A week after meeting we went on our first (of many) MTB adventure together
The ride : Dolomites 16th-21st September
Not long after I entered Offroad Finmark I got an email from StrongHer if I was interested in being part of the StrongHer team and ride 900km in the Dolomites with 15.000 meters of ascend in 6 days. Although I had done one road cycling race in my whole sporting career, this was a no brainer. I already did a lot of road cycling for my MTB events and although new to stage racing, I was hooked on multiday adventures with the scenery to match! On top of that, being part of the StrongHer team it meant encouraging other women to join us in the challenge which I really enjoyed doing.  I sincerely hope I can inspire anyone, especially women, through my writing and shared experiences to get on bikes and sign up for The Ride or a similar adventure. Don't die wondering.  
Racing on the skinny tires will be a new challenge
The Yak Attack 3rd-15th November
I fell head over heels in love with the Indian Himalayas last year and would love to go back to the Nepalese side this time. I still have to find a way to do work it out financially and being able to get the right amount of time off from my job. But having met the lovely organisers Corinne and Phil I have no doubt it will be another experience which will be engraved in my soul and something I do not want to miss.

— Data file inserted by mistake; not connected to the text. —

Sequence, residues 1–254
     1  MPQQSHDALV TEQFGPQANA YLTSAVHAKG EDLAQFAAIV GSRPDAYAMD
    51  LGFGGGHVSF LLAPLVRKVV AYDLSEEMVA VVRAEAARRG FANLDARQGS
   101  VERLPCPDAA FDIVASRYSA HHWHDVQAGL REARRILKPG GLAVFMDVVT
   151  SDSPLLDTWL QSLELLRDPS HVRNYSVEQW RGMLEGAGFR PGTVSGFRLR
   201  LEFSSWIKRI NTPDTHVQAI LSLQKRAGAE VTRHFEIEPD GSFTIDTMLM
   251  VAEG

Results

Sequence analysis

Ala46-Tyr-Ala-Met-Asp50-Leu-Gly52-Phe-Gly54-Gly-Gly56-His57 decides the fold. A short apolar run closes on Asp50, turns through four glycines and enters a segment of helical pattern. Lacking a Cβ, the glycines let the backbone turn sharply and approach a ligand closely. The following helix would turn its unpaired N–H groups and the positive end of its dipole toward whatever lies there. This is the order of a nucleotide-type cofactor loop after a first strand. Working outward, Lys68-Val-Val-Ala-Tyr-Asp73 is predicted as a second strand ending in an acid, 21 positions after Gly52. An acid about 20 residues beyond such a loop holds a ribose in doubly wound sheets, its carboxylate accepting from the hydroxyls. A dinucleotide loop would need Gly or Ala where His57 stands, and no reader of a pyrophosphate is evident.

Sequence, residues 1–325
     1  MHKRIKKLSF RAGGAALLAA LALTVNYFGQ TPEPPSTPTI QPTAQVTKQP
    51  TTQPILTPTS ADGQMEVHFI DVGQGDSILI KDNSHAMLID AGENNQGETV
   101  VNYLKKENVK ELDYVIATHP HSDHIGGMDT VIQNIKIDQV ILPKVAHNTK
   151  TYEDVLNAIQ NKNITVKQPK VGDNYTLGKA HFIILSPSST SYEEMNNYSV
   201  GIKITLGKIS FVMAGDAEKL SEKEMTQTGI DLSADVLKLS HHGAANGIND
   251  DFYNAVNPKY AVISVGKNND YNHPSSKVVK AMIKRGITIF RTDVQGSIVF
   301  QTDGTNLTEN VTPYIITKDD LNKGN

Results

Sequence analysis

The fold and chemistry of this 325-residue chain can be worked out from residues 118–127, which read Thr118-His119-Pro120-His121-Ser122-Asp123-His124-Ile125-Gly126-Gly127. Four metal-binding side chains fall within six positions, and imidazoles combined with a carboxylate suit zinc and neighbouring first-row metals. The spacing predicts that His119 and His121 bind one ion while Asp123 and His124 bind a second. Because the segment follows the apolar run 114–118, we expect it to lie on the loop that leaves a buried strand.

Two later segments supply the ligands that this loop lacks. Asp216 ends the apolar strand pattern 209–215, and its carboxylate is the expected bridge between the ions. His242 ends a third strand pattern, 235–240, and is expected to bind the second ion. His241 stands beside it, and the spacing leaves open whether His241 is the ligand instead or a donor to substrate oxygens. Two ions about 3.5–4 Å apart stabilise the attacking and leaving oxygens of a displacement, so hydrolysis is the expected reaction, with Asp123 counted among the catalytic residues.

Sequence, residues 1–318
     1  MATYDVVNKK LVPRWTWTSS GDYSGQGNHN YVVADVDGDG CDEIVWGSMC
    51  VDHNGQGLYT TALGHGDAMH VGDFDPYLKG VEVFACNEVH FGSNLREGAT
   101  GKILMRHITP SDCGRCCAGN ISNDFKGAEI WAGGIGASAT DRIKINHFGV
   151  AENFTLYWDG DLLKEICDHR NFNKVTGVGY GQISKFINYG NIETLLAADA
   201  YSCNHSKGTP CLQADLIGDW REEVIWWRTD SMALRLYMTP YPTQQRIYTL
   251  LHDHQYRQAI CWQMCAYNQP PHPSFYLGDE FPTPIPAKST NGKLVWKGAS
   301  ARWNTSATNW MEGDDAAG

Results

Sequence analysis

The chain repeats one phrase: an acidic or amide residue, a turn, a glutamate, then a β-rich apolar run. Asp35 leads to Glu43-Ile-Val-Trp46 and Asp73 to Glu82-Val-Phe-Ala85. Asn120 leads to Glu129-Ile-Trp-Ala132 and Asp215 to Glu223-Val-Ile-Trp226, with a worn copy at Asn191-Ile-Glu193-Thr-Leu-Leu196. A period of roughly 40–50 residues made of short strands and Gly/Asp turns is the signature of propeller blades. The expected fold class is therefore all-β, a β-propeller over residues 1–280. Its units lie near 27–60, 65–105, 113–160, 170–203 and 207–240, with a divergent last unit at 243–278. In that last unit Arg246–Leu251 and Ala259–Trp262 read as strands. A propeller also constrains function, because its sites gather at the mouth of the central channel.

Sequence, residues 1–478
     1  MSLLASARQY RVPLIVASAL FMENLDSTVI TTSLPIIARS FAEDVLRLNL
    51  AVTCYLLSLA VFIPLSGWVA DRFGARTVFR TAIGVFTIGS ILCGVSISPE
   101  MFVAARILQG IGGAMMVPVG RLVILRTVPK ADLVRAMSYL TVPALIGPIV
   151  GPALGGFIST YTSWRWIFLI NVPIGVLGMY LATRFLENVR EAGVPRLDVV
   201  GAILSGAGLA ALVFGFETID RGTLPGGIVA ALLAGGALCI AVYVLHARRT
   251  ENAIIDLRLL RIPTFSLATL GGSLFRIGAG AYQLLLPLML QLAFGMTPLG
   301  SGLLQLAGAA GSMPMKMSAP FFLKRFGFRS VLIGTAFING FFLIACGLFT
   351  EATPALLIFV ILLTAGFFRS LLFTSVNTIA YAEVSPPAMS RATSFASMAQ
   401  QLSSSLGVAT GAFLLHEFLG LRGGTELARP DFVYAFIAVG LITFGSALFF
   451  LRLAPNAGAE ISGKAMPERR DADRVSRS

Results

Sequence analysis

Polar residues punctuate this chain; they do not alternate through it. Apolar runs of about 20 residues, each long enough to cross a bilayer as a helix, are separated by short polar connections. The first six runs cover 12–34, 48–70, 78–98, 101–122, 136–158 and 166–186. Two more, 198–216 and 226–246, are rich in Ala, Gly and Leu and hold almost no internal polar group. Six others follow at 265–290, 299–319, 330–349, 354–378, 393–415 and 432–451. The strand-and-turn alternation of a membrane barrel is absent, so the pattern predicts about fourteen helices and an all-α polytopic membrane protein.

Training in Scottish conditions will be good practice for the icy conditions on the high passes of the Himalayas
These are my 3 main projects for 2018. I have always used other races to find form and fitness and together with my coach Rab we will put a schedule together which fits in with my day time job, keeps my body sound and will keep me mentally fresh to enjoy the process. I am lucky to be located in Scotland with lots of endurance races available over demanding hilly terrain which can prepare me for anything. Such as the Strathpuffer  The Dirty Reiver Selkirk MTB MarathonGlentress Seven to name a few. And may be an international MTB marathon such as the Roc D'Ardenne. On top of that Naomi and I have locked a weekend every month to prepare us for Offroad Finnmark and get used to our individual pace, mind set etc We are looking at riding Scottish classics such as Capital trail, Cape Wrath trail and others to be as tough as we can possibly be on that start line.
Fynn will benefit from my recovery!